“Trust is always conditional” – why Data Protection matters

Damien Smyth, IT OfficerWe’re sitting on the cusp of a vast data-driven age that some have even started to refer to as the fourth industrial revolution.

The theory goes that if steam powered the first, electricity, mass production and the division of labour the second and computing the third then the fourth epoch of technological progress will be driven by what we can store

Indeed, we can already see how this is beginning to shape our lives. Drones, artificial intelligence, 3D printing and ‘the internet of things’ are already starting to impact on our day-to-day lives. Much of this is powered by information sharing and while the sharing of information helped power our last great technological jumps, the next few years will be defined by it.

It is perhaps with great foresight that the Data Protection Act 1998 came into being. In an increasingly interconnected world it sought to strike a balance between innovation-feeding and the right of the individual to enjoy privacy.

Increasingly the place of Data Protection has entered the national consciousness. In September of this year the Information Commissioner, Elizabeth Denham, gave a speech in which she argued that data protection laws did not hamper the success of anyone. Success, she said, increasingly sits hand in hand with respecting the individual’s right to privacy and with it, the law.

In hard terms the consequences of violating data protection laws can be severe. The biggest fine on the table is £500,000. Prison sentences are also a possibility. This year alone the ICO has levied fines totalling £911,000 and you don’t have to Google very hard to find recent examples of charities that have incurred financial penalties as a result of contravening regulations.  And if that wasn’t enough to be worried about, the European General Data Protection Act, enforced (most likely through a need to demonstrate equivalence) from May 2018 can impose fines of between 2 and 5 percent of global revenue.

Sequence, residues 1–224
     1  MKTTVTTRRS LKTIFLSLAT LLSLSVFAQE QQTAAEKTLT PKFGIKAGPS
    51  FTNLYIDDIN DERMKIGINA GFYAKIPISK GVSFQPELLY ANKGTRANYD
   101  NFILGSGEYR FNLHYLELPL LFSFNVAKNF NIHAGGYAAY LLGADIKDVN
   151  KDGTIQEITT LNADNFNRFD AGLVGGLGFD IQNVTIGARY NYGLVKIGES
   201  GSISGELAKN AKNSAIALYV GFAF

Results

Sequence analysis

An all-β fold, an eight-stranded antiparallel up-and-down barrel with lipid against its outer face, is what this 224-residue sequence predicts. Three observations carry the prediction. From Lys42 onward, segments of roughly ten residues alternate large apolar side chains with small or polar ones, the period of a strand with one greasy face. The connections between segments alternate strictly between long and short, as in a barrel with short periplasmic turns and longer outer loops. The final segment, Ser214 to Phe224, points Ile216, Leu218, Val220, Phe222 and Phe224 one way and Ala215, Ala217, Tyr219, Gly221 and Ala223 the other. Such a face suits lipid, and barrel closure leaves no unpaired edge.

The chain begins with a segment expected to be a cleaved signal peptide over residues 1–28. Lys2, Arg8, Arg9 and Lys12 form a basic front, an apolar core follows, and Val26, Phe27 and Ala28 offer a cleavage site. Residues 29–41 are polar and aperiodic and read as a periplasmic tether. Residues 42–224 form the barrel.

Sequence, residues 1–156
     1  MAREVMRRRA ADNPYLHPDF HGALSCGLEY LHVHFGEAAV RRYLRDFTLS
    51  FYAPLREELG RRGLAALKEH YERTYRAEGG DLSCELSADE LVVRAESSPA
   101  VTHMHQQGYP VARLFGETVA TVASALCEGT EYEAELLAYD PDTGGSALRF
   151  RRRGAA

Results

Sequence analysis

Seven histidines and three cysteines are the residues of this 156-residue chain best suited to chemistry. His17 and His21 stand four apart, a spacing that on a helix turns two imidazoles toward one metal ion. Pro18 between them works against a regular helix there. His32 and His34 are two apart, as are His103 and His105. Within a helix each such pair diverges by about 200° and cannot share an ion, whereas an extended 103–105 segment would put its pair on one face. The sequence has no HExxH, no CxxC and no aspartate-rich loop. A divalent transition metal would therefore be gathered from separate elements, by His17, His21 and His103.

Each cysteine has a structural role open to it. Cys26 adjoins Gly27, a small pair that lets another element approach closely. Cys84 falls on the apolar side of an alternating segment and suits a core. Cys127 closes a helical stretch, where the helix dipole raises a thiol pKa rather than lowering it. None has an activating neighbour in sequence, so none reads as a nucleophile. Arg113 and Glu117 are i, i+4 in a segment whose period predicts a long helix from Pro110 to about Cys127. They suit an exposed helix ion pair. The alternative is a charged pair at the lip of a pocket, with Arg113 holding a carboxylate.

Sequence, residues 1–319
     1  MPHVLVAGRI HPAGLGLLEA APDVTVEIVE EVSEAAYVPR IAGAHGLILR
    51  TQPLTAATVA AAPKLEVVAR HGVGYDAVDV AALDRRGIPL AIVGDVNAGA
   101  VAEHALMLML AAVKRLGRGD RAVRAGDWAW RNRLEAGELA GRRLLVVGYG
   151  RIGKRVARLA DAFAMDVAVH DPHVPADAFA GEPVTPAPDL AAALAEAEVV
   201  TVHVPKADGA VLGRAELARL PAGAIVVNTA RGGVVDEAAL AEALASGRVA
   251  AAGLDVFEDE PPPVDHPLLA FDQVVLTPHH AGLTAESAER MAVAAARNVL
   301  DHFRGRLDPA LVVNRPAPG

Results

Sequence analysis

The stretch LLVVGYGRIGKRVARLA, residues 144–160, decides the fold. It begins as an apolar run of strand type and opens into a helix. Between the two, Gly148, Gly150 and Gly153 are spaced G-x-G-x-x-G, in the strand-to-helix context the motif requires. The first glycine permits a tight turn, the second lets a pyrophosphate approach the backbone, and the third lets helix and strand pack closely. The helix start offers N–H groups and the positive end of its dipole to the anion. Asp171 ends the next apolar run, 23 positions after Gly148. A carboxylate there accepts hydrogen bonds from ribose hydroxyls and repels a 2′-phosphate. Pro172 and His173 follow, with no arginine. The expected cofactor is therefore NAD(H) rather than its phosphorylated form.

But what Denham was referring to was not the potential for fines to limit success in monetary terms but rather the impact that disregarding people’s privacy or not treating their personal information in a proper fashion would have on business.

She continued:

“It’s not privacy or innovation – it’s privacy and innovation. The personal information economy can be a win win situation for everyone. Get it right, and consumers and business benefits. Firstly you need to make sure you’re following the law as it stands – which is a blueprint for responsible data practices. You also need to make sure you’re building something that is future proof to withstand the law of tomorrow. And most of all, you need to make sure that whatever direction you’re taking with people’s information; you’re taking those people with you.”

Playing fast and loose with data is not only illegal, but it is a way of destroying your organisation’s credibility and that of the sector you operate in. The public’s trust of charities remains high in Northern Ireland but as Chief Commissioner Tom McGrath has said “that trust is always conditional. Keeping people’s data safe and using it only in a way that is permitted by law helps to maintain and enhance that trust.”

As the potential for data to drive greater revenue by charities increases, so must vigilance. It’s never been more important for trustees to know their Data Protection obligations.

The Charity Commission for Northern Ireland has produced guidance on Data Protection for charities. You can download it on our website.

No such thing as average – what the register of charities tells us about the sector in Northern Ireland

aoife-morrison-policy-managerNorthern Ireland has a long history of a vibrant, trusted and well thought of charity sector. But, as strange as it seems now, there was no way to fully and accurately quantify its existence until 2013 when the Commission began registering charities.